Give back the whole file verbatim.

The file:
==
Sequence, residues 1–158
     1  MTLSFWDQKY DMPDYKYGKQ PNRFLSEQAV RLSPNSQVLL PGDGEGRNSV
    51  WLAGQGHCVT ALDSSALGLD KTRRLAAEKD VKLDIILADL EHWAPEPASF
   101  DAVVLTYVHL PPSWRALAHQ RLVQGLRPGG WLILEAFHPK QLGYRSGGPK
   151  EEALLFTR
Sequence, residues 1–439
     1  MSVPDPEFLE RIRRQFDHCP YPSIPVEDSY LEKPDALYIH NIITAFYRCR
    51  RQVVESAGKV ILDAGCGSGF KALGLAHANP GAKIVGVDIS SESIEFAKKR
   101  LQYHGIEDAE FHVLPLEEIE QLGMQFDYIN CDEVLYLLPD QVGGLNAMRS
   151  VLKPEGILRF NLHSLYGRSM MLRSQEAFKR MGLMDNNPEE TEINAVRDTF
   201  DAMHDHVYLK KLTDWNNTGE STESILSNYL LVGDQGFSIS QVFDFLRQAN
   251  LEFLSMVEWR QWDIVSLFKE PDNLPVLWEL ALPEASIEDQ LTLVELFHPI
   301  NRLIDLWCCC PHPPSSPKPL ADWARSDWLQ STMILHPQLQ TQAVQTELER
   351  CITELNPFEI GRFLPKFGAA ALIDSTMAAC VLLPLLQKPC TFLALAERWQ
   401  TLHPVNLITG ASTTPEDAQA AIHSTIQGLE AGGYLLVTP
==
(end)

Sequence, residues 1–158
     1  MTLSFWDQKY DMPDYKYGKQ PNRFLSEQAV RLSPNSQVLL PGDGEGRNSV
    51  WLAGQGHCVT ALDSSALGLD KTRRLAAEKD VKLDIILADL EHWAPEPASF
   101  DAVVLTYVHL PPSWRALAHQ RLVQGLRPGG WLILEAFHPK QLGYRSGGPK
   151  EEALLFTR
Sequence, residues 1–439
     1  MSVPDPEFLE RIRRQFDHCP YPSIPVEDSY LEKPDALYIH NIITAFYRCR
    51  RQVVESAGKV ILDAGCGSGF KALGLAHANP GAKIVGVDIS SESIEFAKKR
   101  LQYHGIEDAE FHVLPLEEIE QLGMQFDYIN CDEVLYLLPD QVGGLNAMRS
   151  VLKPEGILRF NLHSLYGRSM MLRSQEAFKR MGLMDNNPEE TEINAVRDTF
   201  DAMHDHVYLK KLTDWNNTGE STESILSNYL LVGDQGFSIS QVFDFLRQAN
   251  LEFLSMVEWR QWDIVSLFKE PDNLPVLWEL ALPEASIEDQ LTLVELFHPI
   301  NRLIDLWCCC PHPPSSPKPL ADWARSDWLQ STMILHPQLQ TQAVQTELER
   351  CITELNPFEI GRFLPKFGAA ALIDSTMAAC VLLPLLQKPC TFLALAERWQ
   401  TLHPVNLITG ASTTPEDAQA AIHSTIQGLE AGGYLLVTP